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Having an out-of-body experience? Blame this sausage-shaped piece of your brain

Scientists say they've found a special part of the brain that, when stimulated, can cause out-of-body experiences.
Heath Korvola
Getty Images
Scientists say they've found a special part of the brain that, when stimulated, can cause out-of-body experiences.

Dr. Josef Parvizi remembers meeting a man with epilepsy whose seizures were causing some very unusual symptoms.

"He came to my clinic and said, 'My sense of self is changing,'" says Parvizi, a professor of neurology at Stanford University.

The man told Parvizi that he felt "like an observer to conversations that are happening in my mind" and that "I just feel like I'm floating in space."

Parvizi and a team of researchers would eventually trace the man's symptoms to a "sausage-looking piece of brain" called the anterior precuneus.

This area, nestled between the brain's two hemispheres, appears critical to a person's sense of inhabiting their own body, or bodily self, the team recently reported in the journal Neuron.

The finding could help researchers develop forms of anesthesia that use electrical stimulation instead of drugs. It could also help explain the antidepressant effects of mind-altering drugs like ketamine.

Finding the seat of the physical self

It took Parvizi's team years of research to discover the importance of this obscure bit of brain tissue.

In 2019, when the man first came to Stanford's Comprehensive Epilepsy Program, Parvizi thought his symptoms were caused by seizures in the posteromedial cortex, an area toward the back of the brain.

This area includes a brain network involved in the narrative self, a sort of internal autobiography that helps us define who we are. Parvizi's team figured that the same network must be responsible for the bodily self too.

"Everybody thought, 'Well, maybe all kinds of selves are being decoded by the same system,'" he says.

A series of experiments on the initial patient and eight other volunteers pointed toward a different explanation.

All the patients had severe epilepsy and were in the hospital as part of an effort to locate the source of their seizures. The process requires placing electrodes in the brain and then waiting for a seizure to occur.

These electrodes can also be used to deliver pulses of electricity. So Parvizi's team was able to stimulate different areas of the brain to see whether they affected a person's sense of self.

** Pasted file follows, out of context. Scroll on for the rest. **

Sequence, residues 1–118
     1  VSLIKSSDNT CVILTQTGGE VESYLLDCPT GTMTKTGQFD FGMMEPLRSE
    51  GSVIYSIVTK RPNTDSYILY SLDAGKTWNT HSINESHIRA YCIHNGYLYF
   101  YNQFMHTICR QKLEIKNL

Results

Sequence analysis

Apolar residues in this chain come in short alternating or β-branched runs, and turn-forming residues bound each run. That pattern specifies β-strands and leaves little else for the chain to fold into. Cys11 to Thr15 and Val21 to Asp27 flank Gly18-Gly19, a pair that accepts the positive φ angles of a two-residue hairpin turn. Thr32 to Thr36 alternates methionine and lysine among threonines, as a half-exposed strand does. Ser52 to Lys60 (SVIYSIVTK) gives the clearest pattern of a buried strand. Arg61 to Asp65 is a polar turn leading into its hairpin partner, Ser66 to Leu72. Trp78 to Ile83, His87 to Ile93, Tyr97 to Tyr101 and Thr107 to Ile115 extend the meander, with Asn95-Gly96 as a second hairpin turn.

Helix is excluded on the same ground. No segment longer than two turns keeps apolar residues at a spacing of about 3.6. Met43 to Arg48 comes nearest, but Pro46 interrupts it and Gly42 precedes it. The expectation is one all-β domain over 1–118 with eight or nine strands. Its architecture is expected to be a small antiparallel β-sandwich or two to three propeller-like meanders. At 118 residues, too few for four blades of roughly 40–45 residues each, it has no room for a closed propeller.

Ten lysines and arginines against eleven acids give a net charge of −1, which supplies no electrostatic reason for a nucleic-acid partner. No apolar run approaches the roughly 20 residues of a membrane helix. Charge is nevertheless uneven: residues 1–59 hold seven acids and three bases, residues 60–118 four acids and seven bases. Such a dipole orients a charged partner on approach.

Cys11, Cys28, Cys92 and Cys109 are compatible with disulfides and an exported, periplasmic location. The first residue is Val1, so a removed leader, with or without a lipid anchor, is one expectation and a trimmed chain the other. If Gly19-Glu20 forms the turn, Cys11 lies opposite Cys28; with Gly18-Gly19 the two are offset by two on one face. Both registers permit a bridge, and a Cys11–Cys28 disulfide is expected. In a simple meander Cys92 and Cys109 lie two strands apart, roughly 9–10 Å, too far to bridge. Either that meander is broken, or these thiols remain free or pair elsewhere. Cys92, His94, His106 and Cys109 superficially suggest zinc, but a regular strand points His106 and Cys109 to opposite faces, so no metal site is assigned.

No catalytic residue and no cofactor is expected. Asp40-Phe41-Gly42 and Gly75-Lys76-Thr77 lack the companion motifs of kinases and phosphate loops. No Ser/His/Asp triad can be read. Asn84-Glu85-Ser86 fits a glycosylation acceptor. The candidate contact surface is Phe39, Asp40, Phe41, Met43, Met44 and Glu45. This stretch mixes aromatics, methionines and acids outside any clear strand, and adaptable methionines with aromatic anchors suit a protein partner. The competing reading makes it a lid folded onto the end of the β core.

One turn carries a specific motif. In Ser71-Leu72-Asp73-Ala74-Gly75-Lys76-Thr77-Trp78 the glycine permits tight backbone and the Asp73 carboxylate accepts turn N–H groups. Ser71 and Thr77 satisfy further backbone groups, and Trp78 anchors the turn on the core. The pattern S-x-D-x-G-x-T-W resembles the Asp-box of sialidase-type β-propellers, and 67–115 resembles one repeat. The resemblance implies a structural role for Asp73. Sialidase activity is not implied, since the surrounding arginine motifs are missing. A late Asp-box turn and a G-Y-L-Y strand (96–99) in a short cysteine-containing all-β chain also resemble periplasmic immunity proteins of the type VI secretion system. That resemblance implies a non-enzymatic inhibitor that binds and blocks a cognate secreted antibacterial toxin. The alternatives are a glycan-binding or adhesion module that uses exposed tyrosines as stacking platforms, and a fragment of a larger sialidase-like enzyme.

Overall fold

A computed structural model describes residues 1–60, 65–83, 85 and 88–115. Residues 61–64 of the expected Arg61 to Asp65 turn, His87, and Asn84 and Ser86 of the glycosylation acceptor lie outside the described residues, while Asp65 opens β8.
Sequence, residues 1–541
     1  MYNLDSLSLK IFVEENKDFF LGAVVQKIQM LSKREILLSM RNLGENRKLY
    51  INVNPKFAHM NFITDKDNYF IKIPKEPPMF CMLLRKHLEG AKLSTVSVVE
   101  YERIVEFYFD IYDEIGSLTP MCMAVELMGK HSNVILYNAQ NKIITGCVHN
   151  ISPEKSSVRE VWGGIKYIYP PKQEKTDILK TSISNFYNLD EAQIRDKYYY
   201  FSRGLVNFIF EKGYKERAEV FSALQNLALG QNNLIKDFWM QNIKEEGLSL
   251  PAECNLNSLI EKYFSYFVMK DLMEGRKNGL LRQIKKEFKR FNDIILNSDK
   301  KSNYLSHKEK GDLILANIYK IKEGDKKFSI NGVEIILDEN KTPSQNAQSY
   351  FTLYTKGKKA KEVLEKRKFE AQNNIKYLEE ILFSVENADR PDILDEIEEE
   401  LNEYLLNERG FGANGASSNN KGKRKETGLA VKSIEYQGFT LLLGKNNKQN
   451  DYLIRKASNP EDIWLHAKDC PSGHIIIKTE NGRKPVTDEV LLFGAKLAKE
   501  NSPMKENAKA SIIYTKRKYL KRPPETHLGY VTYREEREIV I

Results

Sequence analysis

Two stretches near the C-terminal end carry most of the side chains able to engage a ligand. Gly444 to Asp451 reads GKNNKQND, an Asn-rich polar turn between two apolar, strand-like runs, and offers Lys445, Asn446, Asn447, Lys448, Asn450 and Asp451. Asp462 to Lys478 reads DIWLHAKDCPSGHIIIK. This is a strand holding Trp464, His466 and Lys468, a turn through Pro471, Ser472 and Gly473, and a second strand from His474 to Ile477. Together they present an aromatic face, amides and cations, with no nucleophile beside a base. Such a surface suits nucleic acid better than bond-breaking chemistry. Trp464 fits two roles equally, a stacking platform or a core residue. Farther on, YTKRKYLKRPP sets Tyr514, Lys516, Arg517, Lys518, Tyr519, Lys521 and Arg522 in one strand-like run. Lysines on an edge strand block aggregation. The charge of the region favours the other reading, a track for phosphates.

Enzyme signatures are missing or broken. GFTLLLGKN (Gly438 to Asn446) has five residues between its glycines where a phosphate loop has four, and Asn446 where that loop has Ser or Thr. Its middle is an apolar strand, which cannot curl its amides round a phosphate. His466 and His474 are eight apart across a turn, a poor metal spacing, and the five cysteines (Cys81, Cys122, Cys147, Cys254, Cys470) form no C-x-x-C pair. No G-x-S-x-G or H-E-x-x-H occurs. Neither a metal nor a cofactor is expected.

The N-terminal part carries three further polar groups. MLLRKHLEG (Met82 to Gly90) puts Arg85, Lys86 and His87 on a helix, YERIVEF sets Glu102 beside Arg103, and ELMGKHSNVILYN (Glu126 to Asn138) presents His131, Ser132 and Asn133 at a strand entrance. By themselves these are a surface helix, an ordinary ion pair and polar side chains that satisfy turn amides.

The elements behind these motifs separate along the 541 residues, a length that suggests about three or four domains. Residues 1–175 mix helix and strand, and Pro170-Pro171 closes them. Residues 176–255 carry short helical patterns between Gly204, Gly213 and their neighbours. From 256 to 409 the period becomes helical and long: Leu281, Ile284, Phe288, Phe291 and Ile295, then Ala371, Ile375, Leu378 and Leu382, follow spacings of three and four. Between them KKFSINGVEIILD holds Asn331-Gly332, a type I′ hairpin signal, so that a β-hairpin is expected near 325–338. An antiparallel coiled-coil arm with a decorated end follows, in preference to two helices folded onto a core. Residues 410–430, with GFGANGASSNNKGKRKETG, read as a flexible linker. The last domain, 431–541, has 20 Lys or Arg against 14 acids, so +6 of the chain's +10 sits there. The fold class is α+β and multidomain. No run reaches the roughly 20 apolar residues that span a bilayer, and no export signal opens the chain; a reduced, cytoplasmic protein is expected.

When the team stimulated the anterior precuneus, "lo and behold, everybody has changes in their sense of what we call the bodily or physical self," Parvizi says.

In other words, the stimulation produced an out-of-body experience. People felt detached from their own thoughts and no longer anchored in their own bodies.

The finding was surprising because the anterior precuneus is separate from the brain's system for maintaining a narrative self. Instead, it appears devoted to the sense that something is "happening to me," not another person, Parvizi says.

"We think this could be a way for the brain to tag every experience in the environment as 'mine,'" he says.

A shift in perspective

That role for the anterior precuneus makes sense, says Christophe Lopez, a researcher at the National Centre for Scientific Research in France.

Lopez has done research suggesting that our sense of a physical self comes in part from the inner ear, which detects motion and monitors the body's position in space. And the results from Parvizi's team suggest that signals from the inner ear are processed by the anterior precuneus.

"When they stimulate the anterior precuneus, you can evoke that the body is floating or the body is falling," Lopez says.

That means the brain has to make sense of conflicting information: For example, signals from the inner ear may say the body is falling while signals from the eyes say it's stationary.

As a result, Lopez says, the brain may try to cope by taking a different perspective.

"Sometimes the best solution which is found by the brain is to think that you are somewhere else, out of the body," he says.

The brain may face a similar conundrum when people take drugs like ketamine, which affect the anterior precuneus.

"Ketamine seemingly is producing this artificial rhythm [in the brain] that is disrupting function of that area," says Patrick Purdon, an associate professor of anesthesia at Harvard Medical School.

That slow rhythm is similar to the one that Parvizi's team saw when it stimulated the brains of epilepsy patients, Purdon says.

That could mean it will someday be possible to use electrical pulses in place of anesthetic drugs like ketamine, he says.

"You could get the specific brain areas that you want without having to cause a brainwide and systemwide effect that might carry with it a lot of side effects," Purdon says.

Copyright 2023 NPR. To see more, visit https://www.npr.org.

Jon Hamilton
Jon Hamilton is a correspondent for NPR's Science Desk. Currently he focuses on neuroscience and health risks.
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